Sawyer gave his knee a gentle squeeze, then pulled on their joined hands until Marc curled toward him and sank into the offered embrace. There was nothing of their previous encounters in the closeness. Only comfort and support. Eventually, Marc straightened and scrubbed his hands over his face. “Okay, let‘s get back to work.”

“You sure?”

Marc chewed his bottom lip. “Yeah.”

“She‘s fine, Marc.” Sawyer started the car. “Try not to worry.”

Copyright © 2022 Libby Drew; All Rights Reserved.
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Thank you for reading! I hope you enjoyed it. 
Stories posted in this category are works of fiction. Names, places, characters, events, and incidents are created by the authors' imaginations or are used fictitiously. Any resemblances to actual persons (living or dead), organizations, companies, events, or locales are entirely coincidental.
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On 2/23/2023 at 3:45 AM, jtpawlik said:

I hope that this story has many, many, many chapters before it is done. I am absolutely loving it so far. 

Thank you!

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On 3/1/2023 at 8:29 PM, weinerdog said:

I hope ,I hope,I hope I'm wrong but I think Aunt May would have to have a more serious accident before she'll go to the Doctor.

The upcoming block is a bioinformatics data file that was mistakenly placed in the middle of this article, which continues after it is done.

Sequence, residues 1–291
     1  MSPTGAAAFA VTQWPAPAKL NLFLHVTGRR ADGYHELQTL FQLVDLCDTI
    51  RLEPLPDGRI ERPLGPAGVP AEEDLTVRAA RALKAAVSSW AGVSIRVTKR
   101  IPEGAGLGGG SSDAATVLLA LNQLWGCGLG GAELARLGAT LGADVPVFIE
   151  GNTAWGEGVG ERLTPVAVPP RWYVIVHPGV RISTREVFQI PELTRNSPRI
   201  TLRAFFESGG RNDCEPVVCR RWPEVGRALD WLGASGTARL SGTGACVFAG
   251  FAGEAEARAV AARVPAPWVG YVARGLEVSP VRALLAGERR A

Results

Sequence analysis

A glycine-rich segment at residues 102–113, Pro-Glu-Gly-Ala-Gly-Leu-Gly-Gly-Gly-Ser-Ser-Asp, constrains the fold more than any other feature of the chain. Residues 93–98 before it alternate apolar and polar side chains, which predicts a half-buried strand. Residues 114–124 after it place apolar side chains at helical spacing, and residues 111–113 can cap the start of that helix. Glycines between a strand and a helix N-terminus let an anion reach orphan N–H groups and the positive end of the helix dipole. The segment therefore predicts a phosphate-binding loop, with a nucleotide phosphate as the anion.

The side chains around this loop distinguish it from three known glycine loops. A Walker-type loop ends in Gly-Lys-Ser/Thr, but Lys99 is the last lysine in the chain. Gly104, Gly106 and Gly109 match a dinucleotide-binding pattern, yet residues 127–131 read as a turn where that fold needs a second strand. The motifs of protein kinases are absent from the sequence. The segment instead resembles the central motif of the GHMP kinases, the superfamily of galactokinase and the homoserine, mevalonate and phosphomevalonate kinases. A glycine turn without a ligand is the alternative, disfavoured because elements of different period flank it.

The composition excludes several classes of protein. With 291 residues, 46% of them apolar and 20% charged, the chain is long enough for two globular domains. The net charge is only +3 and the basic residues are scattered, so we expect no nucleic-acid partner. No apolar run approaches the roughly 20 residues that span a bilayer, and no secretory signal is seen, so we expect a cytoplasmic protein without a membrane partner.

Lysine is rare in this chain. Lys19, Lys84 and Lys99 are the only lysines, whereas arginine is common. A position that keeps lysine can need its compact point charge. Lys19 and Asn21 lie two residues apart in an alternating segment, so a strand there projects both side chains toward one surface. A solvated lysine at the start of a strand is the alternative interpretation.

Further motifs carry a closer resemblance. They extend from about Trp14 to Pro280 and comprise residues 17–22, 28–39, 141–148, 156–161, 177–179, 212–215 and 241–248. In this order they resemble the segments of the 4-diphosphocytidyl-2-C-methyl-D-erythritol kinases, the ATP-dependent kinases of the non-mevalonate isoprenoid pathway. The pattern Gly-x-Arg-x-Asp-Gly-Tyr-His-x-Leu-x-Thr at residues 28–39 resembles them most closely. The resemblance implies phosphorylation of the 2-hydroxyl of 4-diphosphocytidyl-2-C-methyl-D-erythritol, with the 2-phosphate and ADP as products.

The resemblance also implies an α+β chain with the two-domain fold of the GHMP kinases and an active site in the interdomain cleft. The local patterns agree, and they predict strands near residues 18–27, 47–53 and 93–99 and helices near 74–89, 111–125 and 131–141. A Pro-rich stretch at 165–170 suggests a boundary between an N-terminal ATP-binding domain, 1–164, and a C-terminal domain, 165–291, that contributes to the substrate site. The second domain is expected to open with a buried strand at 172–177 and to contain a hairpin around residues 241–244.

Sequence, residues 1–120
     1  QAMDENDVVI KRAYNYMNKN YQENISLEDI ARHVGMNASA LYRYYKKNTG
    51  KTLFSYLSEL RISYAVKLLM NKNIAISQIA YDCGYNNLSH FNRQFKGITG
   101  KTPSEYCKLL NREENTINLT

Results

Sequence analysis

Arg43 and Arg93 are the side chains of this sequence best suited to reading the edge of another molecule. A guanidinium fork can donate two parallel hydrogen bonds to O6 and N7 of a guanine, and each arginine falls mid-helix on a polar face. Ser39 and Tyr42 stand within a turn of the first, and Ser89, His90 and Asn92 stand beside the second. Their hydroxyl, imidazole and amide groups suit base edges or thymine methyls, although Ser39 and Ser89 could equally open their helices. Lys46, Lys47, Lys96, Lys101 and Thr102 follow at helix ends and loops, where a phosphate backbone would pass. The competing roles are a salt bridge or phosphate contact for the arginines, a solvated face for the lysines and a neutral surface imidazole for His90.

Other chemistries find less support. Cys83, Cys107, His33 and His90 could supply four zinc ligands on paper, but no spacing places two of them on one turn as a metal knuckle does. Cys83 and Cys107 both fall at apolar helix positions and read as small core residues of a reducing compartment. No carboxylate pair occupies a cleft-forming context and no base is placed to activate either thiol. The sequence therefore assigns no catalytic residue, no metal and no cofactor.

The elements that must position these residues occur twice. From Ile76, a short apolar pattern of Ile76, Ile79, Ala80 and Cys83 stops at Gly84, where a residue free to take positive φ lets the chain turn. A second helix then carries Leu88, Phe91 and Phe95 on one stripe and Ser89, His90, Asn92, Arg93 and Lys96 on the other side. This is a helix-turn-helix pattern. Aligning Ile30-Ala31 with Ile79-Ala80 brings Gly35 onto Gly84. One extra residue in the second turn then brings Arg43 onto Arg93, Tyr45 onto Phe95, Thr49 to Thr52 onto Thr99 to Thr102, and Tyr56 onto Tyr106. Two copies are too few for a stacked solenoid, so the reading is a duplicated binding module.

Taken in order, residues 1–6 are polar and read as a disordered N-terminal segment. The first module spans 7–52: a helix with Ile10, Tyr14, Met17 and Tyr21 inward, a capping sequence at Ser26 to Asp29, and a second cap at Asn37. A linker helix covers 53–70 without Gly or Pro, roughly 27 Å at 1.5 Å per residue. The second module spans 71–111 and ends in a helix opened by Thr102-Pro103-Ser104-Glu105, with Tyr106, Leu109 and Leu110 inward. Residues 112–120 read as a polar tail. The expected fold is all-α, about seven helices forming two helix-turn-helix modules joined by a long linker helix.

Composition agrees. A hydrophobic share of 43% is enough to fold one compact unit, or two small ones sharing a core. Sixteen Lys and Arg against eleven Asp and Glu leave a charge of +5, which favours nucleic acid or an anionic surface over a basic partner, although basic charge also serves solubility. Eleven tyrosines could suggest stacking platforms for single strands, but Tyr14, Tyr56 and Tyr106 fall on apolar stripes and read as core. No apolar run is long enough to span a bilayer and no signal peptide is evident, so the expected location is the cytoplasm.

You can argue Marc has a little Aunt May in him after almost falling from the stairs they continued on the secret passage

Clumsiness is hereditary. True Facts. 🤣

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So beautifully written!  I do agree with all the comments about Aunt May and Reba and Tim.  And now, on to the next chapter!

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Who puts in a staircase, even a hidden one, without a railing? Given it's a relatively narrow space, it'd be easier to make the stairs fill the space.

Aunt May reminds me of one of my aunts. I can still hear her 'I'm just fine' in my head.

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I have to agree with my fellow readers who have commented that both Reba and Tim are on to Marc and Sawyer. Reba is already running cover for them. Tim has been a dark horse to date; methinks he might be an equal opportunity lover like Bruce. 

The secret staircase would stay a secret if it were up to me to explore it. No amount of curiosity would make me overcome the claustrophobic confines of the staircase. 

Aunt May is being very foolish, but at her age (I am guessing she is  in her 70's) she has the right to be if she so chooses. Hank found her passed out near the letterbox on her back and confused. I suspect she either is having attacks of vertigo (hideous believe me) or she had a mild stroke. If the latter, it could be a warning of further strokes to come, one of which could be fatal. I have to wonder if she may know more about her health than she is revealing too. 

@Libby DrewI felt somewhat claustrophobic when reading of Marc and Sawyer's descent into the lower floors of the house. The tension was palpable for me, even the jesting between Marc and Sawyer was not enough to ease the tension. Fortunately they came out alive, without having encountered any were creatures or vampires (perhaps that is a plot line for a later chapter).